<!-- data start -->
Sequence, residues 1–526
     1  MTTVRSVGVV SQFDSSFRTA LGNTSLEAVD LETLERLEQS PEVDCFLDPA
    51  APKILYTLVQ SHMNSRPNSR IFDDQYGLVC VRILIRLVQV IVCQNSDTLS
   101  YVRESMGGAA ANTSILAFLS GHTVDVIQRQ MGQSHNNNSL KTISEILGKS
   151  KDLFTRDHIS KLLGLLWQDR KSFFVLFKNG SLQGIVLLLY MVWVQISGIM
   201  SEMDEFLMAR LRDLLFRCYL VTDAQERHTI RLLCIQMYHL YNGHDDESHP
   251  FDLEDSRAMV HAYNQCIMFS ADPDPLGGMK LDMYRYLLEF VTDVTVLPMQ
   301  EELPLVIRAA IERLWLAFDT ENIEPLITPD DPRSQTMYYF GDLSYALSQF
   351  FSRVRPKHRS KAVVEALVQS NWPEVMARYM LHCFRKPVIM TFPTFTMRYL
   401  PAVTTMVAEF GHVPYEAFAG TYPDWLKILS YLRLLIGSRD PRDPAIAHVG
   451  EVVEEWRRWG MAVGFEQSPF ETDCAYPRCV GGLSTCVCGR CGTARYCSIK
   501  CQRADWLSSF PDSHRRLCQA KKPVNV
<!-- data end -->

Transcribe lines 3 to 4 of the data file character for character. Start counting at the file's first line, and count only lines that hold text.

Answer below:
    51  APKILYTLVQ SHMNSRPNSR IFDDQYGLVC VRILIRLVQV IVCQNSDTLS
   101  YVRESMGGAA ANTSILAFLS GHTVDVIQRQ MGQSHNNNSL KTISEILGKS